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Summary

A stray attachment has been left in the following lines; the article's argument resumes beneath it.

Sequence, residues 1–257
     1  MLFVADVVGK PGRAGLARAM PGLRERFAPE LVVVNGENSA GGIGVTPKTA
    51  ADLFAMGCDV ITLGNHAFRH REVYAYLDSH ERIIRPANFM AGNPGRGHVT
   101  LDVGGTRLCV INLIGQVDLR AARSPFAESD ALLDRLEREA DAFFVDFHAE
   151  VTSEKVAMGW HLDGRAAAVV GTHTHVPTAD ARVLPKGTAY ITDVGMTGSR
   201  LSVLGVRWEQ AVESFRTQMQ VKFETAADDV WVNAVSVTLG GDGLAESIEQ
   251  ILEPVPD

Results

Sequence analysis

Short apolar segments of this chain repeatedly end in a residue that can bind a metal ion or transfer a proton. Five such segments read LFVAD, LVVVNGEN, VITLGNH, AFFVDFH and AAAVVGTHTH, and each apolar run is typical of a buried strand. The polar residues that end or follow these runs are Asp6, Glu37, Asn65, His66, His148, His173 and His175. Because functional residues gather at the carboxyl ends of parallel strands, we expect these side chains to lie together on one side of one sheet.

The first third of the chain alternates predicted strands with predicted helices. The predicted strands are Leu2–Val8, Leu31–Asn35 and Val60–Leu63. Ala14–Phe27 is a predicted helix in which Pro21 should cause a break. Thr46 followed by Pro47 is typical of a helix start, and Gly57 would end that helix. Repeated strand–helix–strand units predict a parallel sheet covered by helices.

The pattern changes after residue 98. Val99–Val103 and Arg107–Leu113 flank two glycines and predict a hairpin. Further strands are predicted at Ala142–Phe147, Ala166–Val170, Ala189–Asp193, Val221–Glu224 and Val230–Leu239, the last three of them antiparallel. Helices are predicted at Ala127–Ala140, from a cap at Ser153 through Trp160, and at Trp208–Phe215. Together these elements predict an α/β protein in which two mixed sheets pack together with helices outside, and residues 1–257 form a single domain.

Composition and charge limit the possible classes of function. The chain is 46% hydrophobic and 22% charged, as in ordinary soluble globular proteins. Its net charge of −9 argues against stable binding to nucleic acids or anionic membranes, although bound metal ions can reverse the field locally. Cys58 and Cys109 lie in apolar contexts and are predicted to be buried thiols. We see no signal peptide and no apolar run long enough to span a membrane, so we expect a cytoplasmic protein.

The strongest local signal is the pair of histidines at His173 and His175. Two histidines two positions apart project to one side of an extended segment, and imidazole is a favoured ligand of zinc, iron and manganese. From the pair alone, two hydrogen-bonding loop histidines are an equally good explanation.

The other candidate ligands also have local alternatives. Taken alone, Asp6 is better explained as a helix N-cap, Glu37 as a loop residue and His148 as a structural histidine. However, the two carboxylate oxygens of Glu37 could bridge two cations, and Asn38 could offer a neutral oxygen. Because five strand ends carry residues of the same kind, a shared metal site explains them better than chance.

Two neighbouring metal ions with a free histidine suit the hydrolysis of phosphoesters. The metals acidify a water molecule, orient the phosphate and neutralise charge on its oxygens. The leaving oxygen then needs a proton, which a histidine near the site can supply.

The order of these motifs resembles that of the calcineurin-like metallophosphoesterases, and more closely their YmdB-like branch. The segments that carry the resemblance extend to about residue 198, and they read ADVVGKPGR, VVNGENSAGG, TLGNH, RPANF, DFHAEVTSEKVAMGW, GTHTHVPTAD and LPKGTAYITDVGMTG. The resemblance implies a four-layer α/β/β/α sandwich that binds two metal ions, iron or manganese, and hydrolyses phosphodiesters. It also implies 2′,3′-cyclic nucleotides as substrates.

Biofilm formation is an important aspect of the pathogenesis of staphylococcal infections. A β-1,6-linked N-acetyl glucosamine polysaccharide is critical to biofilm elaboration and is synthesized by proteins encoded by the intercellular adhesion (ica) locus. These studies were undertaken to characterize the mechanism by which transcription of the ica locus in S. aureus is regulated using isogenic S. aureus MN8 and MN8 mucoid (MN8m) strains, the latter of which constitutively overproduces biofilm. Transformation of the ica locus from MN8m to the ica knock-out mutants of two strains, MN8 and NCTC 10833, conferred a strong biofilm-producing phenotype. Sequence analysis revealed a 5-nucleotide deletion within the promoter region of the ica locus in MN8m compared with the sequence in the wild-type locus. Deletion or substitution of these 5 nucleotides within the wild-type ica locus augmented transcription of the ica locus and induced the strong biofilm-producing phenotype. Gel shift analysis demonstrated that a protein(s) within cell-free lysates from strain MN8 bind(s) specifically to oligonucleotides representative of the wild-type ica promoter sequence and that this binding is greatly diminished by the deletion or substitution of the 5 nucleotides. DNase I footprint analysis revealed that purified IcaR, thought to be a regulator of ica transcription, also binds to the ica promoter sequence just upstream of the ica start codon, but its affinity for the ica promoter is unaffected by deletion of the 5-nucleotide motif. These findings identify a 5-nucleotide motif within the ica promoter region that has a functional role in transcriptional regulation of the ica locus that is independent of IcaR, and also show that IcaR binds to the promoter region of the S. aureus ica locus.